It’s Friday night. You’re planning on going to a festival with your friends. But first you take your bicycle and you take a trip to the ‘XTC-shop’. The cashier calculates exactly how much MDMA your pill needs to contain based on your weight and experience. The ingredients of the pill are listed on the packaging, which includes a leaflet as you would get with any other medication. You hand over your ‘pill passport’ in which your purchase is registered and you’re on your way. Is this the future of ecstasy use in the Netherlands? According to a group of 18 different Dutch experts, it could be.
A police officer, a lawyer, a toxicologist, a philosopher, a pharmacist, a behavioural scientist and an anthropologist. It almost sounds like the run up to a terrible joke, but the opposite is true. These and more experts bundled forces and shared their knowledge in order to take a look at the current MDMA policy in the Netherlands. Together they looked at 95 possible MDMA policy options, which were scored on 27 different outcomes, like their effects on health, crime, ethics, environmental impact, degree of use, international relations and more. These outcomes were all weighed differently, with public health and crime at the top of the list.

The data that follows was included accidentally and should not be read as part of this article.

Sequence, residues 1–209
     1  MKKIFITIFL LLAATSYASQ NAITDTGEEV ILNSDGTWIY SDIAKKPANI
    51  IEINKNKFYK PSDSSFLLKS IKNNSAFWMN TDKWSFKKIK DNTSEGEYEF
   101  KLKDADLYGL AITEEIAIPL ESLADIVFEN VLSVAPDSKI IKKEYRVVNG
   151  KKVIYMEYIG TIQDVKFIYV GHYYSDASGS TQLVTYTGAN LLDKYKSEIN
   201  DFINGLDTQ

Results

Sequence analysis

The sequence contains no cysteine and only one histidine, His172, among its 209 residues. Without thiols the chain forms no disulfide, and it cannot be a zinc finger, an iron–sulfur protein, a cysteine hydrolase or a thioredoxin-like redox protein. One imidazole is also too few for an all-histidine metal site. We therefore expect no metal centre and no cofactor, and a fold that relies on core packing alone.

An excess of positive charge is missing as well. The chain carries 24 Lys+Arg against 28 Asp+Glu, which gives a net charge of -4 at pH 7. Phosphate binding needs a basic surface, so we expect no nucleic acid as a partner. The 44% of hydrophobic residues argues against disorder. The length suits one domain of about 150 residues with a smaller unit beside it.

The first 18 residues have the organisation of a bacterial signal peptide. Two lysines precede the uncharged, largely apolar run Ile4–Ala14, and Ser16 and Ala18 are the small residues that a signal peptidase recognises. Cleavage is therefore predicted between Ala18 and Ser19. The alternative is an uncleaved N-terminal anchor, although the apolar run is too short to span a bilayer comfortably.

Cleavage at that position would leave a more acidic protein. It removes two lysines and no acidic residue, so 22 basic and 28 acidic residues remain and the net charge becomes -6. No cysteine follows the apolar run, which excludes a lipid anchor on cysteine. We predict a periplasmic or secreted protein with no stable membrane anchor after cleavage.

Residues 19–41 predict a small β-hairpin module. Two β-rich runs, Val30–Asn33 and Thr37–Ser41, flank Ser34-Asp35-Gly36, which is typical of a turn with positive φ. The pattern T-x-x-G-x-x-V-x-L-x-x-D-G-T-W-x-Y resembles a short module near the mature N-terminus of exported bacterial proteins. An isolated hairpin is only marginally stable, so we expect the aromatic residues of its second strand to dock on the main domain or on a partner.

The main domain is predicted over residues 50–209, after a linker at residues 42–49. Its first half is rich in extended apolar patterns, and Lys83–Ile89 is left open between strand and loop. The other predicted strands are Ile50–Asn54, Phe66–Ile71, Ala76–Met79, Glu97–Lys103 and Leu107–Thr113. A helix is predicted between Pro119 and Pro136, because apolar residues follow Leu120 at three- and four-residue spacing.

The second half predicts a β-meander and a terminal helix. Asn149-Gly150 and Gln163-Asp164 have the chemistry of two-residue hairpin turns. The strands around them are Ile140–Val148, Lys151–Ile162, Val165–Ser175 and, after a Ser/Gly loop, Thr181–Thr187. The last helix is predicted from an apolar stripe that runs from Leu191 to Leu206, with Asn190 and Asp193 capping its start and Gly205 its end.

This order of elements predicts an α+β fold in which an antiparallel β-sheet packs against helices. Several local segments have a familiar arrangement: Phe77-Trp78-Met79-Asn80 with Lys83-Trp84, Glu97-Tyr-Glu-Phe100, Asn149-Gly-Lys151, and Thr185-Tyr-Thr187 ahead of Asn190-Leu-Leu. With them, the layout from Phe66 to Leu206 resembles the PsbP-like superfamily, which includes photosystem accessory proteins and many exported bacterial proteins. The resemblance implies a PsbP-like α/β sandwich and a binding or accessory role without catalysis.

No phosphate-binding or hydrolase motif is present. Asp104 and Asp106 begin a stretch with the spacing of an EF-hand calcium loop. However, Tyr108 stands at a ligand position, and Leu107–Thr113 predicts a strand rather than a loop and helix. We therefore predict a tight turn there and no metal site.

The goal of this ‘ThinkTank’ was not for the experts to give their own personal opinion, but to look at what would be the best policy, objectively speaking, explains Floor van Bakkum, initiator and Prevention Manager at Jellinek, which is the expert in Amsterdam when it comes to alcohol, drugs and addiction. She explains that it had been quiet on this policy front for a while and it was time to get the conversation going again. “The idea behind this system is that we want to judge the effects of different policy measures as objectively as possible. We’ve seen in the past that more people have said that some sort of regulation could have positive effects on things like public health and crime, so the results weren’t completely surprising, but because we broke it up in such small pieces, there was no telling exactly which way it would go.”
Not all participants share in the results of the ThinkTank, however. The Dutch police publicly distanced themselves from the conclusion. Suzanne van der Graaf, police spokesperson, explains that they felt like the discussion focussed more on legalisation rather than combating crime. “Being police, of course, we’re neutral, meaning we cannot agree with the idea of legalising ecstasy. We don’t feel like we haven’t been heard, but the results are not in line with our vision, we are in favour of a preventive policy, like the interception of drugs.”